“The idea that we spend our precious water growing cotton in South Australia is stupid and dangerous. We are the driest state in the driest continent on earth. Our water resources are precious and we are facing a dramatically drying climate, the last thing we need is big corporate cotton taking more water,” she said.
However, the GFA states that ‘water use for cotton depends a great deal on the method of cultivation’. Basically, ‘conventionally’ grown cotton differs to cotton which is grown sustainably and/or organically. Some cotton is entirely rain fed, requiring no irrigation. 1kg of cotton grown in drier areas of India was found to require over 22,000 litres of water, whereas in the Southern USA, cotton only uses 8,000 litres per kg.
With the large majority of cotton’s recorded eco-impact relating to water, where cotton is sourced from and how it’s produced is clearly very important. If it’s well sourced, from areas that naturally receive much rainfall (i.e. not Australia), the fibre’s overall environmental impact could be smaller than that of wool.
As for wool, clean, fresh water is a daily necessity for sheep and lambs. Sheep will consume anywhere from 1 to 19 litres of water per day, depending upon their physiological state, the content of water in their food, and environmental conditions.
Interestingly, according to Tree Hugger, the impact of wool and cotton on our water systems is about the same, as both take 101 gallons of water to make 1 pound of fabric. The difference is that the wool will leave less pesticide in the water system.
Compassion and Ethics
Many people have been misled to believe that the wool industry is fairly harmless. It’s widely thought that so long as shearing is completed gently and carefully (though worldwide investigations consistently show this not to be the case), everything is well and good. Unfortunately, this is far from the reality of the wool industry. Across the world, it is standard practice for sheep to be legally and harmfully mutilated without pain relief – castrated, their tails cut off, and in some cases, the skin around their rear end sliced off.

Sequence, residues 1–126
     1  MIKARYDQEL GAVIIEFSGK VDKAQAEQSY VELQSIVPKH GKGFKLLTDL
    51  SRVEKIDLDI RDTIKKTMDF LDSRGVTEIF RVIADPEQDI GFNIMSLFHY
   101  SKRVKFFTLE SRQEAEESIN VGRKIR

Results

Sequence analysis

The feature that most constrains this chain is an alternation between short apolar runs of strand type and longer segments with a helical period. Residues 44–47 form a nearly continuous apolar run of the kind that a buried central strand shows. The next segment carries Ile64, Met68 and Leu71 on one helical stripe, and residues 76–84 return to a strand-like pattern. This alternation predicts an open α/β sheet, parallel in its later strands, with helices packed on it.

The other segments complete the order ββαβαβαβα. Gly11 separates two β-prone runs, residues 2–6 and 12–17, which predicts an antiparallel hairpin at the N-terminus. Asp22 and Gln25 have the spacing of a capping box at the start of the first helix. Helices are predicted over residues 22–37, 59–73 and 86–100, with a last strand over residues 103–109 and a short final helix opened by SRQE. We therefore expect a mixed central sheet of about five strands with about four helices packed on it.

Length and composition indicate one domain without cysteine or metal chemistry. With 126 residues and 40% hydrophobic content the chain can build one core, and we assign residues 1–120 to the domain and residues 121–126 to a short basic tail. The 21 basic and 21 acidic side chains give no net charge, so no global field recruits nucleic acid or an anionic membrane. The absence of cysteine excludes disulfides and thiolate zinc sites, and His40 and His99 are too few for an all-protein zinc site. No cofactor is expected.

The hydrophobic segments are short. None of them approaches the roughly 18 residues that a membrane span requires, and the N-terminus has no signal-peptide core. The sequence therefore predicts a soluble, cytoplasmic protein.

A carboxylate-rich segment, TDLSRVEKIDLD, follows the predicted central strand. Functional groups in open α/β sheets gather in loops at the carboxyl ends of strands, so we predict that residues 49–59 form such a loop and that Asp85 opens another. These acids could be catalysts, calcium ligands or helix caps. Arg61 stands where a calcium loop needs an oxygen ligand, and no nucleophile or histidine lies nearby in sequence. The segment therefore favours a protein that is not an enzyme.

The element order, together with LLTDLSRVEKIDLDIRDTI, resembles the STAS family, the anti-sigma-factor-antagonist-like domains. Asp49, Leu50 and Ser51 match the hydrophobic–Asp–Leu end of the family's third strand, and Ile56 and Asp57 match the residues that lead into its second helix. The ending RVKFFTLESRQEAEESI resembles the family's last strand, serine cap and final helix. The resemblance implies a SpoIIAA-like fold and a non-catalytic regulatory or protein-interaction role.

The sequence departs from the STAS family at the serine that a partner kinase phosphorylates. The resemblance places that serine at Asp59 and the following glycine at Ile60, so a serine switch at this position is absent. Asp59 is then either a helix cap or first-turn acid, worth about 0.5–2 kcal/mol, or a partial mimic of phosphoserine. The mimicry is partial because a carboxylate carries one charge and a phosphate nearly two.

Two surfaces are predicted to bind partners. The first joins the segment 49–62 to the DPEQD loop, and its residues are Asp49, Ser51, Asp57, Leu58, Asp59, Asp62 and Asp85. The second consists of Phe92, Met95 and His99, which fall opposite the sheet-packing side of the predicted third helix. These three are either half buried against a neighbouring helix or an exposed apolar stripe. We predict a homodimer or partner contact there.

All sheep that are bred for wool are also bred for meat, considered ‘dual-purpose’ by the industry – even woolly merino lambs. Sheep are either shorn of their wool before they are slaughtered as young lambs, or they are shorn regularly over some years, and then ‘cast for age’ when their wool decreases in quality, just like human hair as we age. These sheep are slaughtered at about 5 or 6 years old, which is at least, only half their natural lifespan. Often, these older sheep end up on live export ships, which are very cruel.
If we choose not to eat lambs and sheep, it only makes sense not to wear their wool.
As for cotton, there are some animal impacts, too, but they’re less severe: of course, insects are killed by insecticides, but most devastatingly, in Australia, an estimated 1 billion animals died in the fires, and one of the greatest causes of those fires was a lack of water due to cotton monoculture.
So, Which Is Better: Organic Cotton Or Wool?
With all this in mind, what kind of knitwear should we buy? The true answer is: it depends on your outlook.
Personally, as I still want to opt for biodegradable knitwear over a synthetic ones, acrylic and polyester are out for me. As I refuse to support the slaughter of sheep, wool is out, too, especially if I can find a rain fed, organic cotton knit. In fact, it hurts my heart to think of contributing to the suffering and slaughtering of all animals – but especially the gentle sheep. But that’s just me – others may opt for organic wool, or a brand that uses recycled wool in its designs.
For everybody, though, the best way to make sure our knitwear (and all our clothes) is responsibly sourced is to become better informed about production processes. Let’s inform our decisions based on what we feel matters most to us. Let’s really think about what kind of world we want to live in, and what that looks like, and how we get there.
Ask brands questions, see what they know (or don’t know) about their supply chains and their materials. Research different fabrics. Read reports and articles that are backed by solid evidence. And remember always that knowledge is power.
All organic cotton images by St Agni.